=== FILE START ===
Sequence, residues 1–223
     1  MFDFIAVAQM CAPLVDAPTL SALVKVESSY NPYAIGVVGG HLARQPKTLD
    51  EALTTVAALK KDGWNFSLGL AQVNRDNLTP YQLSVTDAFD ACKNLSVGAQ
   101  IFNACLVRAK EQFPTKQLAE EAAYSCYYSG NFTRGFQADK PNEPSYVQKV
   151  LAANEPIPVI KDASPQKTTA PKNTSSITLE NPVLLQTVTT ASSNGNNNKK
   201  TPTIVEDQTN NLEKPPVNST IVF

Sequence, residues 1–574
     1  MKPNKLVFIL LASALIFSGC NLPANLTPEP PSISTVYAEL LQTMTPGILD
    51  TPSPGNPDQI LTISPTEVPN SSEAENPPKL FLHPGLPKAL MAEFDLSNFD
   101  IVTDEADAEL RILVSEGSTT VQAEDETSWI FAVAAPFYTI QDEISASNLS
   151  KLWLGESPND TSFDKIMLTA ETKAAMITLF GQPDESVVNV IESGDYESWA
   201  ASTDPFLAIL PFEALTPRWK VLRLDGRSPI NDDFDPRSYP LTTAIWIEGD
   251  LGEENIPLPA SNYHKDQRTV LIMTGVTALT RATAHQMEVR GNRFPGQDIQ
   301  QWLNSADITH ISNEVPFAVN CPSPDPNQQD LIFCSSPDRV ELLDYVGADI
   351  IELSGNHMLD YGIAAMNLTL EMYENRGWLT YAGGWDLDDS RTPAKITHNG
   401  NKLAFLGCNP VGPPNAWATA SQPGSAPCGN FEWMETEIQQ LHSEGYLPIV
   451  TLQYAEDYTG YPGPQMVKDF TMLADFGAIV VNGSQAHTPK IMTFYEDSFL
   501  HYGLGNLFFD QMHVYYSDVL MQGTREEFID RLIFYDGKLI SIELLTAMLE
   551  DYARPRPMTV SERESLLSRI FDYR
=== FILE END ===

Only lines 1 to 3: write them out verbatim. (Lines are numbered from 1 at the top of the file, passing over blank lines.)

Sequence, residues 1–223
     1  MFDFIAVAQM CAPLVDAPTL SALVKVESSY NPYAIGVVGG HLARQPKTLD
    51  EALTTVAALK KDGWNFSLGL AQVNRDNLTP YQLSVTDAFD ACKNLSVGAQ